Montville trash talk

Elected leaders in Montville are bravely taking on one of the most controversial of issues found in many smaller Connecticut communities - trash collection.

No, really. As is the case with many smaller towns, Montville has a long tradition of leaving this responsibility up to the individual. Home owners and landlords can either hire one of the private trash haulers that provide service in Montville or pay the $55 permit fee ($45 for seniors) to haul their own trash to the Transfer Station. Elected leaders mess with this tradition at their peril. Many home owners enjoy the control they exercise in picking who carts away their trash and at what price. And many of those who choose to haul their own trash cherish the Yankee individuality and frugality of that option, to say nothing of the social aspect of meeting folks at the "dump." It becomes one of life's comfortable routines.

But because that's the way it has always been done, does not mean that's the best way to do it. It could well be that for the vast majority of residents it would be cheaper for the town to bid and award the contracts for trash collection and roll the cost into the tax rate. The town already provides curbside pickup for recyclables in that manner.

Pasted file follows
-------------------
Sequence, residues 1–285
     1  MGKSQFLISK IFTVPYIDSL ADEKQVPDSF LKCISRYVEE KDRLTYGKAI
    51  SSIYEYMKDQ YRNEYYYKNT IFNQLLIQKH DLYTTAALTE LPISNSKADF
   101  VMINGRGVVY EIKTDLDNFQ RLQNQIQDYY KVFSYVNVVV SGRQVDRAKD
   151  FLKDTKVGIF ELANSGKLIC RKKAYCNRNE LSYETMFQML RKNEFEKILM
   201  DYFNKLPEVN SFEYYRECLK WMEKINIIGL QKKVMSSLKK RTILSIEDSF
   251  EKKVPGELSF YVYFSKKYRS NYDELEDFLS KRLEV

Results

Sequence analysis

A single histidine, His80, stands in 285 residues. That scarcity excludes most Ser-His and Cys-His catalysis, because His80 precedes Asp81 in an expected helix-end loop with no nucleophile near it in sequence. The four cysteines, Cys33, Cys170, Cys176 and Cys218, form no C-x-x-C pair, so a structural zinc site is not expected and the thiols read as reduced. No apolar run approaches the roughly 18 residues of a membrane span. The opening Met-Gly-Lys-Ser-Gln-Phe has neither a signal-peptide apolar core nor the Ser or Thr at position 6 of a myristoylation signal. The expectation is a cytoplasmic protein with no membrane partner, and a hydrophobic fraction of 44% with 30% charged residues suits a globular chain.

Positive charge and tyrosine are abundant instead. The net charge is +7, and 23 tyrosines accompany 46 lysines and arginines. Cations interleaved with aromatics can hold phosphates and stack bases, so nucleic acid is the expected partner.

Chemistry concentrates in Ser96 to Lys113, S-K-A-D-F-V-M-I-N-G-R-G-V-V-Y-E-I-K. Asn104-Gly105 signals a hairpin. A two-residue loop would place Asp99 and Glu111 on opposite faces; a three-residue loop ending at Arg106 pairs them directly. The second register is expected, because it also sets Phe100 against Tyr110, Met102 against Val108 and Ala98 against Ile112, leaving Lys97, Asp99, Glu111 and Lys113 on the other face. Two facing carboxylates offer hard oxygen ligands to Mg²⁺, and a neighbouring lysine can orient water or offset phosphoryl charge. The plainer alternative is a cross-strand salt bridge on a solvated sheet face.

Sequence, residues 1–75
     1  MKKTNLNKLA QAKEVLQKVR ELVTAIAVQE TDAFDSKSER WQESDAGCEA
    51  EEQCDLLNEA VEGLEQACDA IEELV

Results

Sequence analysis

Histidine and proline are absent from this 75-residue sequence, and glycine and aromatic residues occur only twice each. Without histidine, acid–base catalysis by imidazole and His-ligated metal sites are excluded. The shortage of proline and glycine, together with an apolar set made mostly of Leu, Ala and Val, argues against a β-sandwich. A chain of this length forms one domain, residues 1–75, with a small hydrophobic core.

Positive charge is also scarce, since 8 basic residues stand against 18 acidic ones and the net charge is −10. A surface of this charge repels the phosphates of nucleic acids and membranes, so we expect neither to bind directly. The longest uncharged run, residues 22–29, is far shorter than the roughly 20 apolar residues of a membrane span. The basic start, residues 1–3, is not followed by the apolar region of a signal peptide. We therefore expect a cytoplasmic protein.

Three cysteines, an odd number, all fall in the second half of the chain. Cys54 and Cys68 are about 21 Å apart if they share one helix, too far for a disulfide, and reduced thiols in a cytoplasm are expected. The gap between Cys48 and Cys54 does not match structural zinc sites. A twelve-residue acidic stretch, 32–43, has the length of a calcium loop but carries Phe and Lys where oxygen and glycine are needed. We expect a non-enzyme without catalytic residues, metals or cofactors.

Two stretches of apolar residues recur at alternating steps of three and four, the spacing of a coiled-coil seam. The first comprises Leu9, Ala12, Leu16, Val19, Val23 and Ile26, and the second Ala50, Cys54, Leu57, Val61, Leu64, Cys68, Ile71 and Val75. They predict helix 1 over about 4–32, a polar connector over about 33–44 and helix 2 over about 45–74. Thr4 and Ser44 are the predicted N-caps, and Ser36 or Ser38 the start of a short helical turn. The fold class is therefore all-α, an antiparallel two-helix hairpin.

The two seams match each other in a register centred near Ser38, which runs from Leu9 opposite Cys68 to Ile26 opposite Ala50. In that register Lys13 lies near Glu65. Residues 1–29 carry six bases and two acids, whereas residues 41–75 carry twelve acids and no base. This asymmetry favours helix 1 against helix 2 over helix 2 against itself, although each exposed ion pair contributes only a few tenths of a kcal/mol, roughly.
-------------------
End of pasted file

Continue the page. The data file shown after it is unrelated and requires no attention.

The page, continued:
Mayor Ronald K. McDaniel Jr. reports the town has received three bids from trash hauling companies to provide collection. The town is evaluating the bids. The information will provide a clear indication of what this service would cost in new taxes, and compare it with what residents are paying their own private haulers now.

Also, if curbside pickup is available for all, it eliminates the need to accept household garbage at the transfer station, eliminating the cost to the town of hauling it to the facility in Preston, where the garbage is burned to generate electricity.

Montville voters, in a referendum, could make the final decision, but in the meantime town officials are making the right move by assessing the options.

The Day editorial board meets regularly with political, business and community leaders and convenes weekly to formulate editorial viewpoints. It is composed of President and Publisher Tim Dwyer, Editorial Page Editor Paul Choiniere, retired Day editor Lisa McGinley, Managing Editor Tim Cotter and Staff Writer Julia Bergman. However, only the publisher and editorial page editor are responsible for developing the editorial opinions. The board operates independently from the Day newsroom.


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